By Kim Coghill
Cetek Corp. raised $14 million earmarked for its new natural product extract factory that will complement the company¿s current assay capabilities.
Founded in 1996, Cetek Corp., of Marlborough, Mass., started as a fee-for-service screening company with lofty goals of using industrialized approaches to discover drugs from natural products.
About $5 million of the new funds raised will be spent on capital costs associated with the natural product factory, James Little, senior vice president of Cetek, told BioWorld Today. Cetek, a privately held company, intends to hire an additional 10 to 15 people who will work the factory, which is expected to be fully operational by the end of the year. Cetek currently employs 65 people.
The company has raised $28 million (including this financing) since opening its doors five years ago.
Investors in this round were Stata Ventures Partners, of Boston; John and Stephen Davis, of Springfield, Mass.; Gainesborough Investments, of Boston; and James Waters, Cetek¿s CEO.
Cetek has numerous screening collaborations with companies including Pharmacia Corp., of Peapack, N.J.; Genome Therapeutics Corp.; of Waltham, Mass.; Millennium Pharmaceuticals Inc., of Cambridge, Mass.; Microcide Pharmaceuticals Inc., of Mountain View, Calif.; Johnson & Johnson, of New Brunswick, N.J.; and Schering-Plough Corp., of Madison, N.J.
While the company has screened more than 6 million compounds against 120 targets in the past two years, Cetek¿s new technology will enable it to provide other services and increase its revenue potential.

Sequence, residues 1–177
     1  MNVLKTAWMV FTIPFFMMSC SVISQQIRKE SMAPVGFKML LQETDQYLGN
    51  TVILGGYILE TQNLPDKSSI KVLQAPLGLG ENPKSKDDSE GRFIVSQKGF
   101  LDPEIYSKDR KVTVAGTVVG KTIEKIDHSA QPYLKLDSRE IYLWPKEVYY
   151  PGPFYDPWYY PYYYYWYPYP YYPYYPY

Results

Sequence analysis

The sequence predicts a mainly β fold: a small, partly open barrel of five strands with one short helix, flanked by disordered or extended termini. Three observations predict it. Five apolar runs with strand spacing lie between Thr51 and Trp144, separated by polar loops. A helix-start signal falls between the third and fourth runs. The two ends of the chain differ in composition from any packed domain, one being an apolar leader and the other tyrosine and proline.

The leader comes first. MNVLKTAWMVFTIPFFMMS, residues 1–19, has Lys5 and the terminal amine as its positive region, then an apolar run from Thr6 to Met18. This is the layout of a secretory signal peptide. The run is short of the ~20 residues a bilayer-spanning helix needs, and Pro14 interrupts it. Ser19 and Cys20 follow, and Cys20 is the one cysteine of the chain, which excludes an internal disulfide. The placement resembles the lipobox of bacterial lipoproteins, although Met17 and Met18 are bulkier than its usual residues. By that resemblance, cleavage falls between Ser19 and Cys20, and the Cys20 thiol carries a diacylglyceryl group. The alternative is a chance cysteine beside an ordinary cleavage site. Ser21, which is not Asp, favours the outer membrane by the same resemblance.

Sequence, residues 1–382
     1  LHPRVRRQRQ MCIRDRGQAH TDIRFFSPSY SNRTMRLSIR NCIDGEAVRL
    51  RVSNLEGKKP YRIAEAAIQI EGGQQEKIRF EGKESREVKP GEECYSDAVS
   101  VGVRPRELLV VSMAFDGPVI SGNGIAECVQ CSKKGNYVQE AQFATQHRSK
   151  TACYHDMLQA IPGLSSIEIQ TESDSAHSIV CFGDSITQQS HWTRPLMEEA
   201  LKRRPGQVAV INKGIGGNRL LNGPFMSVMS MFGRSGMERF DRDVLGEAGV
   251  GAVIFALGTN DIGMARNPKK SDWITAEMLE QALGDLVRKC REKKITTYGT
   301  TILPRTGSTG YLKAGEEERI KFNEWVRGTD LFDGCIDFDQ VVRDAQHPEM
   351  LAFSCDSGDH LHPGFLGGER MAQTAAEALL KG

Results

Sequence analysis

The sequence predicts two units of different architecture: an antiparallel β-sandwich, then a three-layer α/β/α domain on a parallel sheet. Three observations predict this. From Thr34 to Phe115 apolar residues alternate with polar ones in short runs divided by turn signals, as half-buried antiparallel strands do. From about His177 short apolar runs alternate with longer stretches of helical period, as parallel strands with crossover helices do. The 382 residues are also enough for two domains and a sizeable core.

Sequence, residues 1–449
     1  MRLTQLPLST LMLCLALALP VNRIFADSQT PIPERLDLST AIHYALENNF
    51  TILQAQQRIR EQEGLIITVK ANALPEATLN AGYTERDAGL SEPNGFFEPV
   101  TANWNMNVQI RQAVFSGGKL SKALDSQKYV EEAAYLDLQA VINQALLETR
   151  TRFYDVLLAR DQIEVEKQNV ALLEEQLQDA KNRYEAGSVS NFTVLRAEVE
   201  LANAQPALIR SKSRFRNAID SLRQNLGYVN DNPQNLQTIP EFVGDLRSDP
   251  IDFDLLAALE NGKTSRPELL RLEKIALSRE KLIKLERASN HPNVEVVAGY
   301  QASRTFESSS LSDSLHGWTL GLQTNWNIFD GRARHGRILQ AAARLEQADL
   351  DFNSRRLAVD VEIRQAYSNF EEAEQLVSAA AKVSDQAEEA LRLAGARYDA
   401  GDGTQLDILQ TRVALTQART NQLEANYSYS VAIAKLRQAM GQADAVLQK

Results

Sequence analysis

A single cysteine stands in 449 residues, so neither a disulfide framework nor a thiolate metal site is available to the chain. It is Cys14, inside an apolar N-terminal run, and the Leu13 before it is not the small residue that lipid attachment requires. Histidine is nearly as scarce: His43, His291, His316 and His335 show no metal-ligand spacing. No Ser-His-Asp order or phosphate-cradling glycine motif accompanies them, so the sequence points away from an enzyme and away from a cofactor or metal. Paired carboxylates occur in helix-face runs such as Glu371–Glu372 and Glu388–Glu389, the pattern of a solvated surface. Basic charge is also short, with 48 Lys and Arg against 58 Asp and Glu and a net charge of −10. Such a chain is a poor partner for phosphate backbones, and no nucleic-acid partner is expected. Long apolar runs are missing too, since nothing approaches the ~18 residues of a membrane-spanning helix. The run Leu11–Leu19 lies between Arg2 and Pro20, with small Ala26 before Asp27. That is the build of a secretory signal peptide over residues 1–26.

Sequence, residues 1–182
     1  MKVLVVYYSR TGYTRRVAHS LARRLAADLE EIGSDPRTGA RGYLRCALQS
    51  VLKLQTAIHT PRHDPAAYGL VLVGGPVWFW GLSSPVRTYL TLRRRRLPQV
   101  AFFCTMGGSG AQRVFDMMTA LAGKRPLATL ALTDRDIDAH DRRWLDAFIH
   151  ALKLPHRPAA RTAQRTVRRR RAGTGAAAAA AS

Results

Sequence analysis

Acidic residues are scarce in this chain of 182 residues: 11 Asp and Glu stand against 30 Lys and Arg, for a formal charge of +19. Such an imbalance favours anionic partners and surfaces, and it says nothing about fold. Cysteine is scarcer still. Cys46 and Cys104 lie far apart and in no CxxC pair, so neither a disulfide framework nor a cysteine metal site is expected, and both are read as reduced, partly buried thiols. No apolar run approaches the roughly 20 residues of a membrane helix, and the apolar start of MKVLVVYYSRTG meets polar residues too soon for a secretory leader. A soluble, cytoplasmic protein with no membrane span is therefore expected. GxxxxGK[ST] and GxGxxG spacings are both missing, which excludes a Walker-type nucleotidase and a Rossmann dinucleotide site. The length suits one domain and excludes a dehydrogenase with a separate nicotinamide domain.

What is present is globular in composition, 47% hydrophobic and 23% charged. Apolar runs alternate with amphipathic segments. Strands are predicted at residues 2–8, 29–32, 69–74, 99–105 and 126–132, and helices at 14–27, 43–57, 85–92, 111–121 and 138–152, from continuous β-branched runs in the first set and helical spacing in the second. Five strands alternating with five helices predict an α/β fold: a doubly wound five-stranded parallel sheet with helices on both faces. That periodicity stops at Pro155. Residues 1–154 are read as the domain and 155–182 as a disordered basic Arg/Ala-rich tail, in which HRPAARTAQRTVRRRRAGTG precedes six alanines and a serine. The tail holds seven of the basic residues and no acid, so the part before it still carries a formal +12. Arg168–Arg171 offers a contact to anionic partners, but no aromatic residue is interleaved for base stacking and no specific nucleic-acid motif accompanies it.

¿A client can supply a target to Cetek, and we will go through our natural product factory and patent compounds that we find and then out-license them back to the client who supplied the target,¿ Little said. ¿In parallel to that, we have internal targets that we are looking at. We will take them through the natural product factory and when we find compounds, we will out-license them.¿
In the past, natural product extracts have been extremely important in infectious diseases and oncology, Little said. ¿We will look at all therapeutic areas, but we will probably give more attention to those areas,¿ he said.
By the end of 2002, Cetek expects to have a collection of more than 30,000 extracts.
Cetek¿s natural product program is unique for several reasons, Little said. For one, the company¿s capillary electrophoresis (CE) technology allows it to look deep into extracts. Also, the company¿s high-throughput fraction system (developed by Waters) works with the CE technology to isolate drug candidates from the natural product extracts, and the company is building a high-throughput compound structural analysis and identification capability.